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Travails of a ‘floating’ population

By Priya Khandelwal, Darbhanga

Mansara Musahar is a village, in Gaura Bairam area of Kiratpur panchayat, about 75 km from Darbhanga district headquarters.  This area is the confluence of three major rivers in this part of eastern Bihar, Kamla,Gehuan and the dreaded Kosi, historically known as being relentless, merciless as its flood fury swallows up land and living beings.

Here there is extreme poverty. People earn a living by working on farms of bigger landlords or as laborers, wherever they get work mostly carrying mud or stones. Access to education or health is poor and the community largely dalits have a difficult existence keeping their body and soul together.  Their problems however do not end there.  Being a flood-affected zone, life itself is compromised with the waters disrupting the flow of activities and events that mark the life of a community, a region.  Being vulnerable to natural calamities is unsettling, unnerving to say the least, What is probably worse is dealing with the fall-out of systems and arrangements put in place by the government. This land looks forlorn, like a forgotten part of the country. 

Rajendra Prasad and his wife Rathia Devi, part of the ‘Musahar’ community, which figures in the extremely backward communities of ‘Mahadalits’ identified by Nitish Kumar’s government- speak about the futility of listing out their problems to ‘anyone with a notebook’, a euphemism for government officials.  The speed and the impact of the gushing waters is such that the villagers sometimes do not have time to react, to collect their things, to take charge of others in the family.  Laments Rajendra Prasad, “ We live in constant fear, panic… at any moment, we may be separated from our loved ones, our family members may suddenly be lost, untraceable in a land in the grip of floods.  We know deep in our hearts, that at any moment we may lose our life or that of our loved ones”. 

For those far away from such a scenario, the vice-like grip of fear, the shadow of doom may be hard, nay impossible to imagine. You have to live in the area, watch the waters rise, see the familiar areas, the pathways, the trees, fields, your home being submerged, even sometimes see people or animals being swept off.  The toll, apart from the tangible one, of loss of lives and property is a horrifying one on the minds and psyche of the villagers in Mansara Musahar. 

The area being flood-prone over decades, there is little evidence of measures taken by the government to meet the challenge, both in terms of concrete steps to prevent, block, divert the flood waters or to address the situation, once it envelops whole villages in the region, like Mansara Musahar.in its watery hell.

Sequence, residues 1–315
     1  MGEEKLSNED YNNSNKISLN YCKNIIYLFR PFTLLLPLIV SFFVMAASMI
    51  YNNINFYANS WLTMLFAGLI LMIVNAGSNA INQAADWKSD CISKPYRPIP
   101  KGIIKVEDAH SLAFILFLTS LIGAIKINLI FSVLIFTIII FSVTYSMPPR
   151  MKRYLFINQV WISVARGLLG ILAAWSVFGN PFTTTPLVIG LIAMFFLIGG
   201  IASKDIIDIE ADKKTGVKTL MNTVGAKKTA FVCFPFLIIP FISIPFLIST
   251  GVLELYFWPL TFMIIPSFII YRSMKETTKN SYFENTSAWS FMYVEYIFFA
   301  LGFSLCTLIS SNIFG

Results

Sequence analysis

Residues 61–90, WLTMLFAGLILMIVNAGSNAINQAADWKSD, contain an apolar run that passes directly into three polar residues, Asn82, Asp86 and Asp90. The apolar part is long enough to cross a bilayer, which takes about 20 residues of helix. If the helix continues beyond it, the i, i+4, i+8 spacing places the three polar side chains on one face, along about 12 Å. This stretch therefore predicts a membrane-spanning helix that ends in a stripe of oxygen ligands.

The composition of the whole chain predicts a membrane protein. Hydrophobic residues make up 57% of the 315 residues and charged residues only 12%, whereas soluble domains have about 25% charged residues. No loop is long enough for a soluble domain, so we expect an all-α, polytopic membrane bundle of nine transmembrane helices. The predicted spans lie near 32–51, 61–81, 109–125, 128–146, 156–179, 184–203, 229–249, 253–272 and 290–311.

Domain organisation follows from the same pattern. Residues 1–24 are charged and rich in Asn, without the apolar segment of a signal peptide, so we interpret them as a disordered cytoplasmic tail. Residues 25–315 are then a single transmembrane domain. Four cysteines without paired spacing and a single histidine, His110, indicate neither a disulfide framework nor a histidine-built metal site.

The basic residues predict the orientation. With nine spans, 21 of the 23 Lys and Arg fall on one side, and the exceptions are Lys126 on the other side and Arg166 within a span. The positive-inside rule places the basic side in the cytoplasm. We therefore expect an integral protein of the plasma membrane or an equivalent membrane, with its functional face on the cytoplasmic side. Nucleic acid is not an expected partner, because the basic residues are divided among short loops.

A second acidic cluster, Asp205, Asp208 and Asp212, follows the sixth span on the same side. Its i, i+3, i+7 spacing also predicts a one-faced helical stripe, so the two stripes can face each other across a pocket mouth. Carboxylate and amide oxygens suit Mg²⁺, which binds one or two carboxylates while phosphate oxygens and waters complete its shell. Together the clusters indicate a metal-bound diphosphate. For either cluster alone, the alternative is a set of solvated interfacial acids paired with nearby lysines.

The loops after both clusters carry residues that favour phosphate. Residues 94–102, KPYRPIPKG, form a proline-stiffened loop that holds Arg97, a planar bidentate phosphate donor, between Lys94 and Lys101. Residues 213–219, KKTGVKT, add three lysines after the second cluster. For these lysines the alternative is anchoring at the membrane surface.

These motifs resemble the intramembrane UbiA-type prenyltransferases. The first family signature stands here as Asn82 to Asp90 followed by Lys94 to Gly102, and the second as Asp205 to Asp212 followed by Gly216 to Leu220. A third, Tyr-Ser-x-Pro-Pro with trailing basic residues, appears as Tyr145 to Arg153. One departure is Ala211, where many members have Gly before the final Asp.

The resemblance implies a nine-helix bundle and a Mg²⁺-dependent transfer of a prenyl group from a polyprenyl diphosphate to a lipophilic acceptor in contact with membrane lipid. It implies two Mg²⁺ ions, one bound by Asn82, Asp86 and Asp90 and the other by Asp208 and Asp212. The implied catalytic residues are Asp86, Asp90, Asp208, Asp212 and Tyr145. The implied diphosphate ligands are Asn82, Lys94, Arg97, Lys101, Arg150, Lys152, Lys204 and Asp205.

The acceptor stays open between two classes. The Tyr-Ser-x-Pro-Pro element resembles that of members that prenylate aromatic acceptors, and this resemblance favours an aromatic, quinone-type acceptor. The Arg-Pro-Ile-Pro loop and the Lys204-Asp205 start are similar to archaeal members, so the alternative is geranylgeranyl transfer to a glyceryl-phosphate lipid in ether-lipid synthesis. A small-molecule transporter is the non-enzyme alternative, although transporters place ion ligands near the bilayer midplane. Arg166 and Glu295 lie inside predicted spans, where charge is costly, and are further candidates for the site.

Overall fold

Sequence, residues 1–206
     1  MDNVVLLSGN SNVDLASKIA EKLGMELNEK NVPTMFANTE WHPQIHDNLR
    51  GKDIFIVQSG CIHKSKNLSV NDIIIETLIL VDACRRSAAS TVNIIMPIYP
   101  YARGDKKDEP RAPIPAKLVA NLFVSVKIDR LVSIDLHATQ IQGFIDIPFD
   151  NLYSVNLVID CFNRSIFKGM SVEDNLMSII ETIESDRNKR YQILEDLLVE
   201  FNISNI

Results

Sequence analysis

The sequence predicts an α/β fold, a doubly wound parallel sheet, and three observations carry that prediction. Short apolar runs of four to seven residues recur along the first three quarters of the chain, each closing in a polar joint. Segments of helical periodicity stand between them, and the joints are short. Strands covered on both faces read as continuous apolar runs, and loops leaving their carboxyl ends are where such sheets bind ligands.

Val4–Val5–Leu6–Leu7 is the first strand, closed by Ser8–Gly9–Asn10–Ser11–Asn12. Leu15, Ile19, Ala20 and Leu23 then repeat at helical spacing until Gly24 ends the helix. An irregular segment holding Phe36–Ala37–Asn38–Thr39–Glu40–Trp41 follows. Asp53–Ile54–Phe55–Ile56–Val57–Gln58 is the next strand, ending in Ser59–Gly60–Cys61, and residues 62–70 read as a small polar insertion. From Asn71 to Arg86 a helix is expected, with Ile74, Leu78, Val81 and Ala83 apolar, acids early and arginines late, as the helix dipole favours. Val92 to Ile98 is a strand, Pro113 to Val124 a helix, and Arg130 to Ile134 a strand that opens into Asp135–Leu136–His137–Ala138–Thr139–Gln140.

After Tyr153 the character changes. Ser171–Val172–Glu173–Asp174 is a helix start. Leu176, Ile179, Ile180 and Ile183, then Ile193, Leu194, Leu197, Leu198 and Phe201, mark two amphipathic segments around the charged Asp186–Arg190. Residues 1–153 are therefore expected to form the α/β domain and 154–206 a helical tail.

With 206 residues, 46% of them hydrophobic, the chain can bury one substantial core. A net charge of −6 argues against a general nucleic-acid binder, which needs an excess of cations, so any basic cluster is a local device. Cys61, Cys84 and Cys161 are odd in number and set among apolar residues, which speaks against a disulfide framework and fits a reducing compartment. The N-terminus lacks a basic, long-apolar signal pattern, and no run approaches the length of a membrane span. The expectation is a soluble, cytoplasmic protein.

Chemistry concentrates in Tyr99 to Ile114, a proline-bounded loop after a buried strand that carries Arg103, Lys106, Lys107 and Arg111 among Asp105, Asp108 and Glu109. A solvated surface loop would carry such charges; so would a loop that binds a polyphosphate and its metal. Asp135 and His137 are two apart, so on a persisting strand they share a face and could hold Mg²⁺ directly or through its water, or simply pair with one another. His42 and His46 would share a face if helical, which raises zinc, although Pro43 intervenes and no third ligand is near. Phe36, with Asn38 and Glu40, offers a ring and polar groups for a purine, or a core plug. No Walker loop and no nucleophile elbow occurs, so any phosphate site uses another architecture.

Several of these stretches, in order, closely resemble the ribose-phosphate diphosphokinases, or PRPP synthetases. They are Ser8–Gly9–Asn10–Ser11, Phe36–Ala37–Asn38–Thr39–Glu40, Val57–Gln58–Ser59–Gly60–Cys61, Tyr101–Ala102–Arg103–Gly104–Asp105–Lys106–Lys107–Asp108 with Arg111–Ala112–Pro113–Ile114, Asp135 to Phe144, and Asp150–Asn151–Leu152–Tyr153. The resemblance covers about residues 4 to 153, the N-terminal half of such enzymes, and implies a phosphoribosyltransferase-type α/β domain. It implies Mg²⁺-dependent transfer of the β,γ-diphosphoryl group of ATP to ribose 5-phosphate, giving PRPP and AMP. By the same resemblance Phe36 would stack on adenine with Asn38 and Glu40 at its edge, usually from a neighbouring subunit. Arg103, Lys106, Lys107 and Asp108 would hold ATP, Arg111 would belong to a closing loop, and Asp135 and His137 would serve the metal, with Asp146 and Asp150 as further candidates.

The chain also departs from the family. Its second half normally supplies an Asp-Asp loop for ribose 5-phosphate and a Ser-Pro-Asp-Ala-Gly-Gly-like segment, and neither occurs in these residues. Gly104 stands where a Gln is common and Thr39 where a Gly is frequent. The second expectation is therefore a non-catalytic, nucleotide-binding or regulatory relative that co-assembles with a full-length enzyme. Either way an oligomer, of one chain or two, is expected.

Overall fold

Yes it has been active in one aspect, building embankments.  The actual role that these structures play in preventing or curtailing the flood is highly debatable.  Its raison-d’-etre lies more for the money that has changed hands in construction, the whims of local heavyweights rather than the benefit the masses.  However, the embankment has one significant benefit, more by chance than by design.  It provides the ‘higher ground’ for villagers to climb to and escape the furious, swirling waters. Hundreds of people from this village and adjoining villagers are perched atop these structures of packed mud and stones during the monsoons, around July, August. It is hard for anyone living in areas where floods are not recurrent, to imagine a life of extreme uncertainty and insecurity when the waters rise. During this time, ever aspect of life is compromised, food, shelter, access to sanitation, to health facilities and yes to earning a livelihood.  

Leaving the fields where many from Mansara Musahar work as agricultural labourers, they would migrate to Jhaggaruan, some 2 km away to find work.

For the rest there is precious little choice. Kamla Devi says that once the waters start to come in, the village community, almost in unison moves towards the embankments, to live out their lives till the waters recede.  “ When it rains incessantly, we cover ourselves with plastic and remain there, hungry and thirsty…” Those who do not have even the plastic sheets, get drenched over and over again.

Why is no one asking any questions and confronting those who govern the place?  It is a shame that the embankments meant to protect the villagers in this and other areas does nothing to prevent the calamity.  They only serve as protective structures after  the calamity, providing the bare minimum support to an embattled community. Yes it is important at the time, even life saving but it does not justify its construction or design, which does not meet the original purpose of containing the fury of the waters.  There is another lapse too.  According to Lalpari Devi, “ No one comes to give us relief at the time of floods”

There are others, common citizens who come from more ‘privileged’ backgrounds, moved to action by the plight.  Manas Bihari Varma, a scientist at the Agricultural department cooked and served khichdi and chokha, a nourishing pancake of lentils to the flood victims for 15 days. He also distributed blankets and also some clothes. While the spirit is commendable, the effort too, does it absolve the government from taking up the cause of the people of Mansara Musahar who for no fault of theirs are rendered homeless, hungry, helpless and pushed to the brink for days and days during the monsoons.  Can we expect someone there to heed this plight, to take urgent and corrective action?  

(Charkha Features)


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